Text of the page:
For more than three years, YouTube has been inaccessible in Pakistan–until now. The seventh-most populous nation in the world has lifted its ban on the world’s most popular video sharing site just days after YouTube unveiled a custom homepage aimed at the country’s viewers.
Pakistan blocked YouTube in 2012 in response to “Innocence of Muslims,” a controversial short film that painted the prophet Muhammad in an unflattering light. The film caused massive protests throughout the Islamic world, and when YouTube declined to remove it, Pakistan opted to ban the site nationwide.
YouTube’s return to Pakistan was forecast on January 14th, when the video site announced a new version of its homepage catered to Pakistani viewers. The new homepage highlights top videos from the country and was initially only accessible through a proxy server.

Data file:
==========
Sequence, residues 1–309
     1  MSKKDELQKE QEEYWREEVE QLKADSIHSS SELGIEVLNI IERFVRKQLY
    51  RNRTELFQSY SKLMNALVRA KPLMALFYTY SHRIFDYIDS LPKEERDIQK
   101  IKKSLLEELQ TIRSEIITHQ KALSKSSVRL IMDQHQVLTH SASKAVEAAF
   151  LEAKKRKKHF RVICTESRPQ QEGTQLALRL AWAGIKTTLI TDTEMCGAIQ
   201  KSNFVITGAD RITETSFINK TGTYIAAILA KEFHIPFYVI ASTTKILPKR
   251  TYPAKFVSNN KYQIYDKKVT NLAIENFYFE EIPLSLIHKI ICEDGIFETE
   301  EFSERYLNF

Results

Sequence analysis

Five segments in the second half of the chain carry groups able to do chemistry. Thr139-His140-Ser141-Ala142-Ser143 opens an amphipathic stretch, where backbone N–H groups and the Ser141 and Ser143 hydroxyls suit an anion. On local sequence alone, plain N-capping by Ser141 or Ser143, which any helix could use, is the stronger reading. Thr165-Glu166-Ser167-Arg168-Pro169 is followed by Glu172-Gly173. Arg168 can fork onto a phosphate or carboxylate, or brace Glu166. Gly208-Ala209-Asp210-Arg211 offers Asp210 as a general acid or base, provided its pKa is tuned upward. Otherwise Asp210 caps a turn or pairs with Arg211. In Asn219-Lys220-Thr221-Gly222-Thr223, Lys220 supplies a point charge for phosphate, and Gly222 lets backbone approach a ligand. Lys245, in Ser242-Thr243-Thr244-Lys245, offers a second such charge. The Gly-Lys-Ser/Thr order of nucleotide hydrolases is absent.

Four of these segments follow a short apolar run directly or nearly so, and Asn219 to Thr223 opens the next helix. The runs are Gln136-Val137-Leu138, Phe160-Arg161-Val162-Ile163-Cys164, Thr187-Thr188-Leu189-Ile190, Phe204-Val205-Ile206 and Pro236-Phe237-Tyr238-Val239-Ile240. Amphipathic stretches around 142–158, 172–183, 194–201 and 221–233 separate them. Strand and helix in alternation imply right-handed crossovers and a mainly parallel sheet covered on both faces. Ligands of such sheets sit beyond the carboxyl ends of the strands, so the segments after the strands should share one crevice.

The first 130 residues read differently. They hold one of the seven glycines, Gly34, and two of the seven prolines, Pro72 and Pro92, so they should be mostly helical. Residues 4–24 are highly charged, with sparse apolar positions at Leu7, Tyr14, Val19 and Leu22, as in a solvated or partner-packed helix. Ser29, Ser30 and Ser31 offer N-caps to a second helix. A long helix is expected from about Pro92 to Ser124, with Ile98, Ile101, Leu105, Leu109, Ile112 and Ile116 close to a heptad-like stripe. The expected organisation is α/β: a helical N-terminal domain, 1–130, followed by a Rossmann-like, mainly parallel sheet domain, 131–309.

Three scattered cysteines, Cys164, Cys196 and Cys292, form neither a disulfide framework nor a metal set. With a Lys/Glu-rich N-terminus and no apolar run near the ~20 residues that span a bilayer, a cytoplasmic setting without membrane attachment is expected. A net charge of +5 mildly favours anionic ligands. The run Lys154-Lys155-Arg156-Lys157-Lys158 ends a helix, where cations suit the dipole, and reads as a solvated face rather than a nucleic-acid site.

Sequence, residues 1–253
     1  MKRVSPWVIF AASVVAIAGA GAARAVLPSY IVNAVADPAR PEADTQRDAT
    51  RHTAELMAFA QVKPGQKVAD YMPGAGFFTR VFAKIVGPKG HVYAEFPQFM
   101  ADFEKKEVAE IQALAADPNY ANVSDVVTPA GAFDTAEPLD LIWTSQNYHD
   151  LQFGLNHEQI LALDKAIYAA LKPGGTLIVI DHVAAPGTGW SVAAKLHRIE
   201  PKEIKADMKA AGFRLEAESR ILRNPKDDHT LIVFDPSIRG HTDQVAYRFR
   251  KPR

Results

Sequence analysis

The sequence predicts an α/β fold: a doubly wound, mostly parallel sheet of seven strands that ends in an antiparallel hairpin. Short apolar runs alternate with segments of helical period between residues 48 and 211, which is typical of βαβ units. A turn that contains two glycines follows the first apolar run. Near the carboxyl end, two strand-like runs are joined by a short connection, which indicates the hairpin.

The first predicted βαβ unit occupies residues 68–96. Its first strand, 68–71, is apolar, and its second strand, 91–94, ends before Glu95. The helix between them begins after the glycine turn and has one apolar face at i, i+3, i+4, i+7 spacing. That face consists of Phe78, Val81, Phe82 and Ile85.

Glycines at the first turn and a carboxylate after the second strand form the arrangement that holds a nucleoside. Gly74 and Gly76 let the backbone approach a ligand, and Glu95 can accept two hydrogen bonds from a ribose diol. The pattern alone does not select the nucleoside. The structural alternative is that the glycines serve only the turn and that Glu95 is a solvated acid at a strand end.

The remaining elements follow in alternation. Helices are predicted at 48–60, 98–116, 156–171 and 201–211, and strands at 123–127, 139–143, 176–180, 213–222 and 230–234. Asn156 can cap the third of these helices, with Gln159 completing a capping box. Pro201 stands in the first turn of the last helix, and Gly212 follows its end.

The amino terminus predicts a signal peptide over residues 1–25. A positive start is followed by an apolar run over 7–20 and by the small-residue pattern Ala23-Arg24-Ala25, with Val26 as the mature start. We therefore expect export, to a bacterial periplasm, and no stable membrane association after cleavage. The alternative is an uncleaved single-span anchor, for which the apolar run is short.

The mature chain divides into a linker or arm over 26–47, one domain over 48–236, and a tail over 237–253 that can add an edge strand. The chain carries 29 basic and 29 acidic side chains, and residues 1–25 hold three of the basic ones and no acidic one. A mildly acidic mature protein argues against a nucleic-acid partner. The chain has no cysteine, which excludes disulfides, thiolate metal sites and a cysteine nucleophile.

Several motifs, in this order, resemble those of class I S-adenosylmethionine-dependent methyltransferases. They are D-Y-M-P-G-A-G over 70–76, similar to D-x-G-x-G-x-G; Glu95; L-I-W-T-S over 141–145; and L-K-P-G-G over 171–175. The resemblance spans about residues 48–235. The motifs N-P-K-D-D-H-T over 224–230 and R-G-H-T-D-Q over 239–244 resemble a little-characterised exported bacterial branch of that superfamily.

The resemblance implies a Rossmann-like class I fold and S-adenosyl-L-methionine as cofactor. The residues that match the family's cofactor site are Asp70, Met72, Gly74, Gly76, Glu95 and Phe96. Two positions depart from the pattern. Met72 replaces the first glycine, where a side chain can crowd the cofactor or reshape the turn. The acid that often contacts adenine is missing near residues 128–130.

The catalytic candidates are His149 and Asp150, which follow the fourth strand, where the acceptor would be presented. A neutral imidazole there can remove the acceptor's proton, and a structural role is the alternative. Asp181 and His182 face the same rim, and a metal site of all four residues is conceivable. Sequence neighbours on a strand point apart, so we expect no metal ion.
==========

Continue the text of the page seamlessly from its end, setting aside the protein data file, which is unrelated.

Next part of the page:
While YouTube can now be easily accessed by the Pakistani public, the local government’s Pakistan Telecommunication Authority (PTA) will continue to monitor the site and request video takedowns as it sees fit. An important note, however, is that the PTA itself will not be able to delete local videos; instead, YouTube will still get a chance to review all the PTA-flagged videos itself. In a statement reported by Reuters, Pakistan’s Ministry of Information Technology and Telecom said YouTube would “accordingly restrict access” for local users.
Should YouTube fail to comply with the Pakistani government’s demands, it may find itself blocked once again. The latest ban was the third time YouTube had been shut down in Pakistan; before 2012, it was previously blocked in 2008 and 2010.
While it is now unbanned in Pakistan, YouTube is still off-limits in several other nations. The list of countries that currently block access to the video site include China, Iran, North Korea, and South Sudan.